90’s mania

These days I am addicted to this young love story of the 1990s on Sony TV. “Yeh Un Dinon Ki Baat Hai” is a Hindi tv show that attracted me because of the 90’s songs used as background songs for the scenes. I should also say that love stories, especially the falling in love part, really attracts me. Not that I lose interest in the challenging part of staying in love, but rarely do we see the portrayal of real difficulties on Indian TV shows.

So this story is set in 90s which reminds me of many things of my childhood, the crushes, the infatuations, the strained relationships of family, the gossip of women, the antenna and television, the music in cassettes and many other small nuances of old era…you get the drift? I am reminded of the times, I helped Appa in making the television signal clear, my yearning for a walkman, the wish to collect cassettes of my favourite music, the hesitant communication with parents about our deepest fears and feelings etc.

It also reminds me of the young crushes and innocent love we experience at that age. The mere touch of a boy giving goosebumps to hugging being equating to seeing dreams of marriage with that boy. It was so naive during those ages. Isn’t it? Where marriage dreams were on high gear even before we started dating. In fact, words like dating or divorce were considered influence from western countries for which we were looked down upon. Wearing of jeans or imitating western wear was a complete no-no.

I realize at this point, that studying in a girls only convent school, had painted a dramatic painting of relationships between man and woman in my eyes. The restrictions from the family, the loneliness from schools, the dreams inspired from movies, all misleads us enough to expect much more from relationships. Reading this post reminded me that I am not alone in forming fairy tale notions in my head around marriage and love. We start dreaming of “happily ever after” assuming there is not much issues at all after the initial integration phase. The high expectation levels clouds the view to notice the small happy moments happening and appreciate them. As much as I try to outgrow from the fairytale ending and look at life practically, I doubt whether I can ever break free completely from the smoke of judgement-mindset that is deep rooted in my minds.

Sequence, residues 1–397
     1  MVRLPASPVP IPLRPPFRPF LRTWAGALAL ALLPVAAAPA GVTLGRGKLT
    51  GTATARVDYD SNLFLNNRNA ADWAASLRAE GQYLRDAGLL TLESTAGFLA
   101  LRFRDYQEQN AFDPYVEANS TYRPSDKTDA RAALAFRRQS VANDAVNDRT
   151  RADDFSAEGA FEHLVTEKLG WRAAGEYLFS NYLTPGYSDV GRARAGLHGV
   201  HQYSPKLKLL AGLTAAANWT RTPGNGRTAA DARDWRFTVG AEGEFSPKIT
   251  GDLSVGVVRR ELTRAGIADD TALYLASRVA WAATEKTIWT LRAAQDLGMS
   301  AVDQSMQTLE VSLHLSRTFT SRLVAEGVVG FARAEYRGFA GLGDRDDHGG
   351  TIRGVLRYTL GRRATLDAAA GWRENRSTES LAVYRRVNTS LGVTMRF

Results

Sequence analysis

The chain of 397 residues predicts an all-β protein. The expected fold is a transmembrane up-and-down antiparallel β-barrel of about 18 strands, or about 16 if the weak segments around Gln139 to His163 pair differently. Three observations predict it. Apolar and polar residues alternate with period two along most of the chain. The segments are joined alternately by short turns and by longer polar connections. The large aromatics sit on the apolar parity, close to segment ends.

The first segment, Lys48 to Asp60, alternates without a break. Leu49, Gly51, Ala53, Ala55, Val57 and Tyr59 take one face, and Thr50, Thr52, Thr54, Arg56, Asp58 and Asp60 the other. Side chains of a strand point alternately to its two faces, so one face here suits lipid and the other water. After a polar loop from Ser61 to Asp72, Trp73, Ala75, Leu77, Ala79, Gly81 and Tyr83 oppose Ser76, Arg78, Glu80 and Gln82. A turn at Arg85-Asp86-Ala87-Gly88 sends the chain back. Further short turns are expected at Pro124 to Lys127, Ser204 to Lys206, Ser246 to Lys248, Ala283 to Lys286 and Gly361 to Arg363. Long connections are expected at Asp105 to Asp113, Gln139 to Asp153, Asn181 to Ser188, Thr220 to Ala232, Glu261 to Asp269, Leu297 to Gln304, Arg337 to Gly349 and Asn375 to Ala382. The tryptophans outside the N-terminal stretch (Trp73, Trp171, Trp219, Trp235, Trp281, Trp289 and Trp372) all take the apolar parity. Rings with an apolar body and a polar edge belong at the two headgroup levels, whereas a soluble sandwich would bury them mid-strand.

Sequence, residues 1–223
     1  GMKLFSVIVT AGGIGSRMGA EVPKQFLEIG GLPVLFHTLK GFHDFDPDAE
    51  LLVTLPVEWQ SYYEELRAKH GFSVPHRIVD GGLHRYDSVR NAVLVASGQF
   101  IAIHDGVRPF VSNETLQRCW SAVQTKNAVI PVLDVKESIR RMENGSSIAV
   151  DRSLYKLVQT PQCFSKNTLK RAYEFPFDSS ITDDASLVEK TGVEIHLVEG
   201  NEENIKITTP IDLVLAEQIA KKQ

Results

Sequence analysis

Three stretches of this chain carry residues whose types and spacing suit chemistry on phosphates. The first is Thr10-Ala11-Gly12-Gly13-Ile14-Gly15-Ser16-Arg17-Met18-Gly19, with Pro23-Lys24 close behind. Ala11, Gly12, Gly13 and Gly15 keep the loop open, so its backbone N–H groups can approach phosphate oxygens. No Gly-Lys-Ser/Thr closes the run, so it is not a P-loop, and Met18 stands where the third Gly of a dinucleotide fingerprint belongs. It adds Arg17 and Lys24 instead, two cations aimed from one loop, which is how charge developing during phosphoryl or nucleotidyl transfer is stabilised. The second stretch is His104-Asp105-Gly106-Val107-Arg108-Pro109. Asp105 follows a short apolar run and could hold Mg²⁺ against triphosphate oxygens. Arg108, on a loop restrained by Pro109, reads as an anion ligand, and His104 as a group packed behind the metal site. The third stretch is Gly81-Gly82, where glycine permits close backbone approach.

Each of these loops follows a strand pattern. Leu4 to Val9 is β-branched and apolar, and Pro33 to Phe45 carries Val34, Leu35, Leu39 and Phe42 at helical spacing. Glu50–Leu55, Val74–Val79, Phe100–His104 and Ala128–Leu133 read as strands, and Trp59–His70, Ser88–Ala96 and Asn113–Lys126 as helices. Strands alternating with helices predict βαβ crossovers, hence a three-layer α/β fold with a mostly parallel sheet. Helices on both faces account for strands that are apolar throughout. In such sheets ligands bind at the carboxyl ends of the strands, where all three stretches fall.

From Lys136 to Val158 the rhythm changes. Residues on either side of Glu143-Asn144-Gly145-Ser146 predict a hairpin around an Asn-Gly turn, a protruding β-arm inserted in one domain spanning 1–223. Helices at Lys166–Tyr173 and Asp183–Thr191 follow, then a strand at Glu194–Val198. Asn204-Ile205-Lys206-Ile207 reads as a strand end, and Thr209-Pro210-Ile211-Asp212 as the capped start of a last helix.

Meanwhile, my current playlist is set to the popular songs of 90s in the voices of Kumar Sanu, Udit Narayan and Alka Yagnik. Cherishing and reliving the nostalgic memories in this season of love. How about you? How is the valentine season treating you?

Being a couch potato

I do watch TV shows, either on the good old TV or viewing them online on hotstar, youtube and other apps. Is that so cringeworthy?

Recently, in a tweet chat by blogchatter about the 90s, I realised the first thing that many people remember are the TV shows like Chitrahaar, Mahabharat, Ramayan, Alif laila, Krishna by Ramanand Sagar, Byomkesh Bakshi, and many others that were popular few decades ago. Since there were not many channels, they had to include all categories into one channel. This meant that there were not much drama shows like today. In those days, it was okay to watch television as it was an entertainment medium. But now, when I say I watch Indian tv shows, people start mocking me, claiming that it’s useless to watch saas bahu serials all the time.

Everywhere I have seen people bashing homemakers or women at home, berating them of watching mindless stories and crying drama through television serials. How hypocritic it is to watch English films on Netflix or spending huge amount to watch films like Bahubali and other high budget films on theatres or watch 10-12 players running around a ball or tossing them out of stadium, when you look down at others who watch television. There are people who may cannot afford to go to theatres to watch these films or do not have the subscription of Netflix or access to movie websites, or neither have any interest in sports and news, and have to suffice with the entertainment provided by the television.